Cucuzza Squash Plants: Tips On Growing Cucuzza Italian Squash

Cucuzza Squash Plants: Tips On Growing Cucuzza Italian Squash

By: Amy Grant

A favorite squash of Sicilians, cucuzza squash, meaning ‘super long squash,’ is gaining some popularity in North America. Never heard of cucuzza squash plants? Keep reading to find out what a cucuzza squash is and other information about growing cucuzza Italian squash.

What is Cucuzza Squash?

Cucuzza is a summer squash in the botanical family of Lagenaria, which boasts a plethora of other varieties. This edible squash is related to the calabash, also known as water gourd or bird’s nest gourd. A vigorous squash, fruit is born from vines that can grow two feet a day. The fruits are straight, green gourds, occasionally with a minor curve to them. The skin is dark green and medium hard. The fruit itself can grow 10 inches per day and will be 18 inches to 2 feet long.

The squash is usually peeled and the seeds removed from the larger fruit. The squash can be cooked just like any other summer squash – grilled, stewed, fried, stuffed, or roasted. Intrigued? I bet you’re wondering how to grow cucuzza squash now.

How to Grow Cucuzza Squash

Cucuzza squash plants are easy to grow. The easiest method is to grow them on trellises, which will give support to the fruit, contain the rampant vines, and make for ease in harvesting.

Grow this tender warm season veggie in well-draining soil with full sunlight exposure. Amend the soil with 2 inches of organic compost or rotted manure.

Plant 2-3 seeds at 2- to 3-foot intervals along a row after all danger of frost has passed in your area. Push the seeds one inch down into the soil. You can also plant in hills. If you use hills, plant 5-6 seeds with each hill spaced 4 feet apart. When the seedlings are 2-3 inches tall, thin out to 2 or 3 of the healthiest plants.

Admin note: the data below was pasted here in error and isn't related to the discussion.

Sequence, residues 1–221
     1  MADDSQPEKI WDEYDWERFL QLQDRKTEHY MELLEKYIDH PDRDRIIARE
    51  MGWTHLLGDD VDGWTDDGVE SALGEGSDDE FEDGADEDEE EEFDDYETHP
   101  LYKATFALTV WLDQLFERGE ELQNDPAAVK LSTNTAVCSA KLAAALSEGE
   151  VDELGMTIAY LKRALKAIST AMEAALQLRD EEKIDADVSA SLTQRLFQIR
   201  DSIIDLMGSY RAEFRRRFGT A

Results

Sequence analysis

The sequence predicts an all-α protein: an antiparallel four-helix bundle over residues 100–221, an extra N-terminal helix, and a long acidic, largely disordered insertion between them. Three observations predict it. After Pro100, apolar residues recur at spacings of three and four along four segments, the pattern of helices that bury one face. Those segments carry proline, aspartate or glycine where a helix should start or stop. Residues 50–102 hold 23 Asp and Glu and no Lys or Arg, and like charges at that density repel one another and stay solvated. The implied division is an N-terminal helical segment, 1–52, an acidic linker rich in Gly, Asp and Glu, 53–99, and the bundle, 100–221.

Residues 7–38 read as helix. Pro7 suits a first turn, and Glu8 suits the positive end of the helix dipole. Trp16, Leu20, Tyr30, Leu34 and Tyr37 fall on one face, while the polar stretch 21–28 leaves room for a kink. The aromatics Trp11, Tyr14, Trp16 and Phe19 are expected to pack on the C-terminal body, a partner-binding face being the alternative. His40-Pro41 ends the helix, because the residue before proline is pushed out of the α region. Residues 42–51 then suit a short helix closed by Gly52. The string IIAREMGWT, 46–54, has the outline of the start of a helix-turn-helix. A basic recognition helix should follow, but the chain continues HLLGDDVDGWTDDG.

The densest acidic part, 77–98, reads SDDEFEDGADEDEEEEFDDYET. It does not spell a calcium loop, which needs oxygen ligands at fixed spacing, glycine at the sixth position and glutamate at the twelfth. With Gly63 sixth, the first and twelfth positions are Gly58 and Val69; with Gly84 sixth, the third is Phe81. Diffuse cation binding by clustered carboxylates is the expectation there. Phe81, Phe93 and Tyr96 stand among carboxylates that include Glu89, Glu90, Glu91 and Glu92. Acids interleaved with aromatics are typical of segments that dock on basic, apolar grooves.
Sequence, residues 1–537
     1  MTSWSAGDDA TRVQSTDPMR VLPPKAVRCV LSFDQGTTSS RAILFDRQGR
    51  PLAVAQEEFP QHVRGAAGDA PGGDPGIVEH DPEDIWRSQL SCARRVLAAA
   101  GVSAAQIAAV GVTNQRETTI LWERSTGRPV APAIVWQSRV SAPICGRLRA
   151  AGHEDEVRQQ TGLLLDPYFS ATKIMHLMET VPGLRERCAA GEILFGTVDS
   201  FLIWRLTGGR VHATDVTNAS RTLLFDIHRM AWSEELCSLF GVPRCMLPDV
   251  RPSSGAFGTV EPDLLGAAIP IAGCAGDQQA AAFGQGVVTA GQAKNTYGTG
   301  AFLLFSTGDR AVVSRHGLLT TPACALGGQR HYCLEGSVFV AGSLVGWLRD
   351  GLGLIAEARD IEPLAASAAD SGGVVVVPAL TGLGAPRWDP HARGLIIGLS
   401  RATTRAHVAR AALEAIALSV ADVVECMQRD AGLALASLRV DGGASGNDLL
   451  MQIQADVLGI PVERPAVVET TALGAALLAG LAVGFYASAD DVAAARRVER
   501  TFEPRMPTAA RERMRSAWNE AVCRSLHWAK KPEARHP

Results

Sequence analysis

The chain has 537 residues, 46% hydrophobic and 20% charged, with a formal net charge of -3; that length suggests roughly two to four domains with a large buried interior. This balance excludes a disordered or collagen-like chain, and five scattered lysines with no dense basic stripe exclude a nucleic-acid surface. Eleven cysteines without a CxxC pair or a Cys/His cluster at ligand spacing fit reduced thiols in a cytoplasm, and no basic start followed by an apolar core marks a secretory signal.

Give the squash one inch of water per week depending upon weather conditions. Like all squash, cucuzza are prone to fungal diseases, so water in the morning at the base of the plants.

If you did not enrich the soil with manure of compost, you will need to feed the plants. Once the plants have blossomed, feed ¼ pound 10-10-10 for every 10 feet of row, 3-4 weeks post blossom emergence.

Keep the area around the cucuzza weed free. Cover the area around the plants with a light layer of mulch, like straw or wood chips, to aid in water retention, weed retardation and to keep the roots cool.

Harvesting Cucuzza Squash

Timing is everything when harvesting cucuzza squash. It’s just like zucchini. One day the fruit is a couple of inches long and two days later it’s two feet long. And, that’s if you even saw the fruit.

With the large shading leaves and green fruit, cucuzza, again like zucchini, tends to keep the fruit of its labor hidden. So look carefully and look every day. The bigger they are, the harder they are to manage, so the ideal size is 8-10 inches long. Also, the younger, smaller fruit have softer seeds, which can be left in, cooked and eaten.

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